By Louise Manning, PhD
The word “ethics” comes from the Greek word “ethos” meaning conduct, customs or character. Ethics addresses the implementation of concepts such as responsibility, right and wrong and the application of moral ideals to practical human activities.
Ethical analysis will address the constraints of moral standards and legal requirements and the consequences of actions.
The output of such analysis is the determining of principles and protocols, the development of individual and group responsibilities and the verification of the outcome of the implementation of such a framework.
Individual countries, cultures and business organizations will determine distinct codes of ethical behavior. Individual organizations therefore need to determine and develop their ethical strategy and the scope of such strategy may include the following:
- Criminal behavior and the need to operate within the legal framework. The strategy may include awareness training for individuals and teams so that employees understand the legal constraints on the business and the responsibilities this places on individuals;
- Human values and personal behavior. Ethical policy needs to define at a strategic and human resources level how people are expected to behave both internally within the business and also in their interactions with suppliers, customers and competitors and the development of business relationships;
- Behavior in business. Ethical policy should address how all corporate activities are undertaken, monitored and verified to ensure that they comply with legal guidelines and ethical standards. Ethical strategy should also include a review of potential ethical business risks and how these can be mitigated.
Organizations with Vision
How do you recognize organizations with corporate vision? Is the organization’s corporate social responsibility policy produced as a result of commercial one-upmanship or as a result of deep ethical foundations within the organization?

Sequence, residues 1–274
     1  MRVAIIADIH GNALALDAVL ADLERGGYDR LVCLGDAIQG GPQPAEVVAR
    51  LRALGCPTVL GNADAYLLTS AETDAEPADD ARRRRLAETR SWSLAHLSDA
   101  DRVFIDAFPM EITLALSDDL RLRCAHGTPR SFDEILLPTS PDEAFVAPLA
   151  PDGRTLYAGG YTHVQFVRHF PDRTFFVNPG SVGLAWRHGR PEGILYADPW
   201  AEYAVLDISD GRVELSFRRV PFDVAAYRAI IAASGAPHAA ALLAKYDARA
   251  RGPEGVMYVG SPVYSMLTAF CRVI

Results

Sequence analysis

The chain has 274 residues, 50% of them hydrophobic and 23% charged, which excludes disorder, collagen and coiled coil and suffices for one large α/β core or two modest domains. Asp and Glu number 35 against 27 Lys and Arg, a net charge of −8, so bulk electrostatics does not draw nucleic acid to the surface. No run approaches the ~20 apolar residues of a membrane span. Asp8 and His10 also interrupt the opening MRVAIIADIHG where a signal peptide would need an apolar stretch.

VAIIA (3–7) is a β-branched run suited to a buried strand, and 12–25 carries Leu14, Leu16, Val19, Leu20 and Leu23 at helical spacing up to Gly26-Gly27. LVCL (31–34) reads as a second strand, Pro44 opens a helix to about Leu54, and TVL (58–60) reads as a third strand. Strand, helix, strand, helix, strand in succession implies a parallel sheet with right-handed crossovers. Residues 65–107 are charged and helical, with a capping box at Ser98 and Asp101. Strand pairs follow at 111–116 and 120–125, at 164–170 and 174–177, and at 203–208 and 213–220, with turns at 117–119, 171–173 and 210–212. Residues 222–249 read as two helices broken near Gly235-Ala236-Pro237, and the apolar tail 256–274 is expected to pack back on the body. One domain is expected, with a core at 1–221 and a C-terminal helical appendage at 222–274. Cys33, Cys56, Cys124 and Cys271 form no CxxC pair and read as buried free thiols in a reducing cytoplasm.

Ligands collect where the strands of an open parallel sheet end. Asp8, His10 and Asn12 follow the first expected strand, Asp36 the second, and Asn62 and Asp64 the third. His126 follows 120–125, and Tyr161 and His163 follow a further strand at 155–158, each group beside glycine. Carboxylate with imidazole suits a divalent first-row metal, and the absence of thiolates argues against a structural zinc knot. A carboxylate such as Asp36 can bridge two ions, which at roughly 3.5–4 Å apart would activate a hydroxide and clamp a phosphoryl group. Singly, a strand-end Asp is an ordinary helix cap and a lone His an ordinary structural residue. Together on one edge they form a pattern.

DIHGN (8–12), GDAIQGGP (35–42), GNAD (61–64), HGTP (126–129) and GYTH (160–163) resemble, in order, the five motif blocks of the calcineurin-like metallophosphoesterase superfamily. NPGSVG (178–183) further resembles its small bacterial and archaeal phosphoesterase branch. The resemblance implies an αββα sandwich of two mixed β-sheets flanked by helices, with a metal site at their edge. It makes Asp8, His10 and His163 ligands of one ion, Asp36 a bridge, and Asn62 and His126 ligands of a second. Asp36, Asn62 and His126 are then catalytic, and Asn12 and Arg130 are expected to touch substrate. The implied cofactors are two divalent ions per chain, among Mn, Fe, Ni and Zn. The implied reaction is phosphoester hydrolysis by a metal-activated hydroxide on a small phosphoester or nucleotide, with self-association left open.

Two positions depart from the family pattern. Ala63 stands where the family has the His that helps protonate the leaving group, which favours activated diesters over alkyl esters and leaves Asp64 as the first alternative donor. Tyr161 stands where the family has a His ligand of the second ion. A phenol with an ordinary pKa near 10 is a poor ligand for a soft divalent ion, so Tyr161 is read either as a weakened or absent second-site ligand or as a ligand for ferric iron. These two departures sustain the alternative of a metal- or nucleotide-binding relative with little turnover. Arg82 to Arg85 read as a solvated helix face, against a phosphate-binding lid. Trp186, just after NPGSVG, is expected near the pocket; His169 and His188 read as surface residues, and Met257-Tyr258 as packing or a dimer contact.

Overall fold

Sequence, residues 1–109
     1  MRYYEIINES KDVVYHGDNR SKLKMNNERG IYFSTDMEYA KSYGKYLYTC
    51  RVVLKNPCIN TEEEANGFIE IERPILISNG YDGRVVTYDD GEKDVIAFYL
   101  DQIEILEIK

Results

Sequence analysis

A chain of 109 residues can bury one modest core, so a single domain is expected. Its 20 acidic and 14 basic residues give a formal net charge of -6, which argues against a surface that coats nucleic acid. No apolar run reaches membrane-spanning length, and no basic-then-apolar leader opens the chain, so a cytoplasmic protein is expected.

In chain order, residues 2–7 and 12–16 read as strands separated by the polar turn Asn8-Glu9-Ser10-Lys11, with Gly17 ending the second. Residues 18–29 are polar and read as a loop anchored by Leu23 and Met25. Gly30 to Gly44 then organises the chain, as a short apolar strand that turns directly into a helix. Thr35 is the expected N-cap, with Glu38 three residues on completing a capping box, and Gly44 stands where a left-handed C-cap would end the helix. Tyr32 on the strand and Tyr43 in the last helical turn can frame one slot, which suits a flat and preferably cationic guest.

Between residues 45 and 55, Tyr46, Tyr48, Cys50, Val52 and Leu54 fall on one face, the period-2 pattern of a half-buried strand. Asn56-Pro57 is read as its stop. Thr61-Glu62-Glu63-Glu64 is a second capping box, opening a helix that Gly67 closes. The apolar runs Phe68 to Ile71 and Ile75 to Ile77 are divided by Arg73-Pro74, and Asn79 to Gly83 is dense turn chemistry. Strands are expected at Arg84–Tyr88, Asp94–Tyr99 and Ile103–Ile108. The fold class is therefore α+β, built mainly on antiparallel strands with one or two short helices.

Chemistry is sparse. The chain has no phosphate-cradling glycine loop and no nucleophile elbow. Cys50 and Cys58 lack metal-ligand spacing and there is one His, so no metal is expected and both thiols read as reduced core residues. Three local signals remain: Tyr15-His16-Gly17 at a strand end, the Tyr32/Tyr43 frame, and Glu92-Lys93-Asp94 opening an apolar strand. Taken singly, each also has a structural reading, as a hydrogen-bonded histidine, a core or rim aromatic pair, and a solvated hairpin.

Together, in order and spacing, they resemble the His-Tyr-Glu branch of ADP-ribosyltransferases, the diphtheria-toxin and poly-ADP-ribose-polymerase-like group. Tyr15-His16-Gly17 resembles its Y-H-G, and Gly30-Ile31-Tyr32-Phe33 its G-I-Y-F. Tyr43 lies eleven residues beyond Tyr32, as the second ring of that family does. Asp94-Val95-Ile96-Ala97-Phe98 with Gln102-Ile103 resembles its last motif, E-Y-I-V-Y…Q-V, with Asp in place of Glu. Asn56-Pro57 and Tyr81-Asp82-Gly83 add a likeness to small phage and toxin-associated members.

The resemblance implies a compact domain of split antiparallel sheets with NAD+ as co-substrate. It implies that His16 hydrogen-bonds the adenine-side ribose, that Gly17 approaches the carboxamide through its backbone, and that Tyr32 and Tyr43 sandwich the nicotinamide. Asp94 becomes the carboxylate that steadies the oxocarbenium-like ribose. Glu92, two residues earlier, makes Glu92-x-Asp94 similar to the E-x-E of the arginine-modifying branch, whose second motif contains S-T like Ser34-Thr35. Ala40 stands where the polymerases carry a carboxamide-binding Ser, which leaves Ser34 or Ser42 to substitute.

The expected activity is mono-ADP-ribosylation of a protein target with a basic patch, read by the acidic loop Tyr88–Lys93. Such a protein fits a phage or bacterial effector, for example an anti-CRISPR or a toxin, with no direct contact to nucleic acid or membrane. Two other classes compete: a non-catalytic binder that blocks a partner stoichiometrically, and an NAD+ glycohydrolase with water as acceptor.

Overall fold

Politicians are in a cycle of ever increasing their environmental credentials over and above their opponents, but does this encourage voters to actually change the environmental impact of their personal lifestyle?
Nearly every day corporations and business organizations are declaring their worthiness with regard to social responsibility, food safety, environment impact, personnel health, safety and welfare, fair trade and ethical supply chains in a variety of reports and policy statements.
Third party standards have also been developed that address many of these issues and organizations continue to increase the portfolio of certificates that they display in their reception areas and on their websites.
What impact does all this have on the purchasing decisions of the consumers of their products and services?
Mahatma Gandhi said that "An eye for an eye leaves the whole world blind..." so does this suggest that the constant declaration of improved and enhanced corporate ethical credentials leaves consumers and customers non-plussed? Does the psychology of we will worry about the environment, employee health and safety, etc. when you do, leave us all inactive and weaken organizations by increasing their business risk?
Consumers and customers must be able to trust the integrity of organizations and their brands and if this is based on claims and statements of intent then these criteria must be measurable otherwise performance cannot be verified and ultimately that trust may be lost.
There are a growing number of organizations where ethical standards are embedded in goals and organizational aspirations, organizational and departmental structure, job descriptions, and brand marketing is firmly based on these standards where actual performance can be measured and verified. Organizations that produce policies and associated reports without such foundations run the risk of undermining the very equity of their brands.
Louise Manning, PhD, is the president of LJM associates in the United Kingdom. LJM associates works predominately in the food industry in the areas of risk management and corporate social responsibility. You can read more about her work at The Human Imprint.